Apple (NASDAQ:AAPL) has been playing the “dating game” in the auto space of late. It’s on the hunt for a partner that can help it build the ultimate product that Steve Jobs once envisioned: the Apple Car, a product that could be the ultimate “one more thing” since the original iPhone was revealed.
There’s no question that Apple is one of the most secretive companies out there. As you’d imagine, CEO Tim Cook and the folks in the c-suite probably weren’t too impressed when sources pointed to its talks between South Korea’s Hyundai Motors and its child company Kia. So much for secrecy!
These Apple Car rumours aren’t going anywhere
As rumours and reports swirled, Hyundai and Kia were quick to shoot them down. Each firm stated that they were no longer talking with the tech giant about their role in producing a so-called iCar.
Nissan was quick to deny the reports and rumours. And Volkswagen doesn’t appear to be in any serious discussion either. Volkswagen’s CEO said he was “not scared” of Apple and its entrance into the auto industry, suggesting the European behemoth sees itself as a potential future competitor, not a friend of the smartphone giant.
Now that reports and rumours have died down, Apple Car talks have stalled, as too has AAPL stock, which recently flirted with bear market territory before bouncing back to $121 and change. Those who speculated on the iCar rumours got hurt with quick losses.
At this juncture, nobody knows who’s going to be Apple’s dance partner. And while I do expect rumours will pick up again, I think that with many denied reports, any such rumours will have far less credibility.
Could investors have gotten too bullish with their iCar expectations? Possibly. In any case, I’m sure Apple is more than willing to swim to great lengths to keep everything under wraps, even if that means putting EV talks on pause. Who knows? Apple may be in talks as you’re reading this piece. We’ll never really know for sure.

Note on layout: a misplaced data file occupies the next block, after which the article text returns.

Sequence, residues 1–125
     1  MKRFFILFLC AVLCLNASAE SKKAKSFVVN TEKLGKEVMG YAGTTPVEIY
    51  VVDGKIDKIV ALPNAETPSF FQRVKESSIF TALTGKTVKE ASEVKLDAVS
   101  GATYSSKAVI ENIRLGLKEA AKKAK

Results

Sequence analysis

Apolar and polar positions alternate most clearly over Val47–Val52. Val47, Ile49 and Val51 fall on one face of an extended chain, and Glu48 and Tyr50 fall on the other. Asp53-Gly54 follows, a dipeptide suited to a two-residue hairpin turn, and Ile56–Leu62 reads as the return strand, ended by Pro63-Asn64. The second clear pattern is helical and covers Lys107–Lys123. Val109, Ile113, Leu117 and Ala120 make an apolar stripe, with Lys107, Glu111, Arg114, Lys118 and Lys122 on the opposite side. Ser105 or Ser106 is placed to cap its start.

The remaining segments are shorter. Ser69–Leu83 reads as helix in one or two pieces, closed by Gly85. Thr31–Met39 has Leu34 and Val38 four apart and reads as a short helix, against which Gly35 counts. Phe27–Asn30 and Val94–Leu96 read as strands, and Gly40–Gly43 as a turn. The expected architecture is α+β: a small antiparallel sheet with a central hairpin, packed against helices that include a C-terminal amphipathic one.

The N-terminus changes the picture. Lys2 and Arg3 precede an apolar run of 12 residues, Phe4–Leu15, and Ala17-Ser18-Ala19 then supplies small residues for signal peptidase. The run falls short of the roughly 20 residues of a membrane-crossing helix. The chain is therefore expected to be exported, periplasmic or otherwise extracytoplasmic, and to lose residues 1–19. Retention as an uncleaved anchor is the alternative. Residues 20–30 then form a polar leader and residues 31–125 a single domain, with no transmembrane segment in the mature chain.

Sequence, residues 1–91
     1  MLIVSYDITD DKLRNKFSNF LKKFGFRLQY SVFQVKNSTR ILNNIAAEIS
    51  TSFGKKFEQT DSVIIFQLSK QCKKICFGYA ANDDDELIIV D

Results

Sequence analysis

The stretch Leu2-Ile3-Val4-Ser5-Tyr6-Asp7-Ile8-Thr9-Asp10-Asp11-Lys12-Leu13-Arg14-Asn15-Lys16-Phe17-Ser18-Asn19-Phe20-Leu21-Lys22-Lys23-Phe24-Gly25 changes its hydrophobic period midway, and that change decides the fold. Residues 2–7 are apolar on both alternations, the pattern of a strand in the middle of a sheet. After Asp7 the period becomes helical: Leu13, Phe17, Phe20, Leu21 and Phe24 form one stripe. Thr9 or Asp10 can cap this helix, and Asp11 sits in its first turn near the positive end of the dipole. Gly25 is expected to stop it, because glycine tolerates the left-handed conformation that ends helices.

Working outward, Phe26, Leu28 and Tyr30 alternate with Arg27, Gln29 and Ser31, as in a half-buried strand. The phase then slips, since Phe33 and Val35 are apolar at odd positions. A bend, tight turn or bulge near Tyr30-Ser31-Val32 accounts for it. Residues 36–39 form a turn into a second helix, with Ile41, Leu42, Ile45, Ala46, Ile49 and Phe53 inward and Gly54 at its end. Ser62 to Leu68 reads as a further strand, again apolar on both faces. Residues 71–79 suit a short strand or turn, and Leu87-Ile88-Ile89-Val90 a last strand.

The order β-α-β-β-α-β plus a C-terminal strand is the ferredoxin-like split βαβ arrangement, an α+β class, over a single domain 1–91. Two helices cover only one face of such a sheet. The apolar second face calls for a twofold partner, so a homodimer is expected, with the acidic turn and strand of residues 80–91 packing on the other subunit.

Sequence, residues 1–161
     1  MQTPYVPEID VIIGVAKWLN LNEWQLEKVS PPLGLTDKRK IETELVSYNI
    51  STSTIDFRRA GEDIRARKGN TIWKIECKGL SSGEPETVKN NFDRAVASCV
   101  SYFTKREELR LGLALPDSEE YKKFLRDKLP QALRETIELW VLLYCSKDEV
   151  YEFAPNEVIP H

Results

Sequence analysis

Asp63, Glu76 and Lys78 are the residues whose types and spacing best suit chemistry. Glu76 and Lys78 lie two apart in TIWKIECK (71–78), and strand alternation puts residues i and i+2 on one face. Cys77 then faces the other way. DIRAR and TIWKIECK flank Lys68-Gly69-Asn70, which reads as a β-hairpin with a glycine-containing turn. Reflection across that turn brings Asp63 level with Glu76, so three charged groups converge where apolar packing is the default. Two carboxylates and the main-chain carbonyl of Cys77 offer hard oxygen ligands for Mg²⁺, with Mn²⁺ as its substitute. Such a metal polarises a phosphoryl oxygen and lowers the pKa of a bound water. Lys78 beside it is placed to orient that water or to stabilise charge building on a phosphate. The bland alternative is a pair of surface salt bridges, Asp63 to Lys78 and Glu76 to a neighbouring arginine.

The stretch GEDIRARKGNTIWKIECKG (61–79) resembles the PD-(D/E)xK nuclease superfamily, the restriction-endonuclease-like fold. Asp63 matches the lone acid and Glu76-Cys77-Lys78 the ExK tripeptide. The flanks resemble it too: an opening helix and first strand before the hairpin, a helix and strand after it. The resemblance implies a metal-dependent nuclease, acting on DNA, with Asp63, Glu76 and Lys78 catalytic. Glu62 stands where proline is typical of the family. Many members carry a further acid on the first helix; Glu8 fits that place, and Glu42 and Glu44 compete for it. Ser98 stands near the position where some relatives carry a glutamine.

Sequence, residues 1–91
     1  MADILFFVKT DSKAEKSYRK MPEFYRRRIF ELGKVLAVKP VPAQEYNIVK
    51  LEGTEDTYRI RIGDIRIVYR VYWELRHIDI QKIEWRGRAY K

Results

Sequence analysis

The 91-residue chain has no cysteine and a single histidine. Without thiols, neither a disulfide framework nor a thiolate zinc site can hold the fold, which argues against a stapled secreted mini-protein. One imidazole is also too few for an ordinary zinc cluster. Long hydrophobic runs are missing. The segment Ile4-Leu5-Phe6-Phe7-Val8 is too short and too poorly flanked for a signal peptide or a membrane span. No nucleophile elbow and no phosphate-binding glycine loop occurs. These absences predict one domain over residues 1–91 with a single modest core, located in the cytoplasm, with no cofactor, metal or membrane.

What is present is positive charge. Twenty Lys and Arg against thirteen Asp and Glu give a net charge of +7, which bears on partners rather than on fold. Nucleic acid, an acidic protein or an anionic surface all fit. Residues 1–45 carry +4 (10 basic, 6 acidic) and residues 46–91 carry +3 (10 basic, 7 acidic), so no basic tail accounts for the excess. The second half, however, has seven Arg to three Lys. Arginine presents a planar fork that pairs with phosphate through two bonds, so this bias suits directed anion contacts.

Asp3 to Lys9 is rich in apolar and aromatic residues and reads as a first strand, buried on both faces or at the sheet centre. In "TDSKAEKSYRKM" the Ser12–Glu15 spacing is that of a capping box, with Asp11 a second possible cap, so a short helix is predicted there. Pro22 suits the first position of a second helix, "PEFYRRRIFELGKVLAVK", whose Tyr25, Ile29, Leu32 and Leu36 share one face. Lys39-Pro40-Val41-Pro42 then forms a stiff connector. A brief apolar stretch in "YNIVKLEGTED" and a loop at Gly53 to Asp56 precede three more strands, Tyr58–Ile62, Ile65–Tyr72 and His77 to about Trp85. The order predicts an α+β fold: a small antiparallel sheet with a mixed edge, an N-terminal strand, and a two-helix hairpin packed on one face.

Apple’s EV talks hit a roadbump
At this juncture, some may think that Apple’s big project may have faced a major bump in the road.
Now that a handful of automakers are in denial over their involvement, I believe any future unconfirmed reports and rumours will not be as credible through the eyes of investors.
Ming-Chi Kuo of TFI International Securities, one of the most accurate Apple analysts on the planet, now thinks the Apple Car could be delayed from 2024 to 2028 or later.
Talk about throwing cold water over rumours!
Kuo is the man to listen to if you want to know all the latest about the firm’s upcoming innovations. He pretty much holds the crystal ball on all things Apple. Given his now highly uncertain Apple Car timeline, though, I think it’s safe to say that Apple is doing an impeccable job of maintaining secrecy with the Apple Car timeline amid all these reports and rumours.
On the flip side, Wedbush analyst Daniel Ives seems to think that Apple could find its EV partner in as little as a few months. Like Kuo, Ives is an incredibly accurate analyst. He thinks the stock could more than double to US$225 in a bull-case scenario, and if the firm lands a partner in 2021, I do not doubt that AAPL stock could blast off to such highs.
I think the odds that Ives is right are high.
What about Magna International?
It’s not just the automakers that could stand to ink a deal with Apple and its ambitious EV. Canadian auto-part maker Magna has been thrown into the basket of potential dance partners to help produce a driverless EV.
Like Kia, Magna has a massive presence in North America, which may be a deciding factor on which auto kingpin lands the privilege to create the Apple Car. Moreover, Magna’s fully automated driving system technologies are compelling, and if a deal is struck, I think both Magna and AAPL stock could skyrocket to unfathomable heights.
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This article represents the opinion of the writer, who may disagree with the “official” recommendation position of a Motley Fool premium service or advisor. We’re Motley! Questioning an investing thesis — even one of our own — helps us all think critically about investing and make decisions that help us become smarter, happier, and richer, so we sometimes publish articles that may not be in line with recommendations, rankings or other content.
Fool contributor Joey Frenette owns shares of Apple. David Gardner owns shares of Apple. The Motley Fool owns shares of and recommends Apple. The Motley Fool recommends Magna Int’l and recommends the following options: short March 2023 $130 calls on Apple and long March 2023 $120 calls on Apple.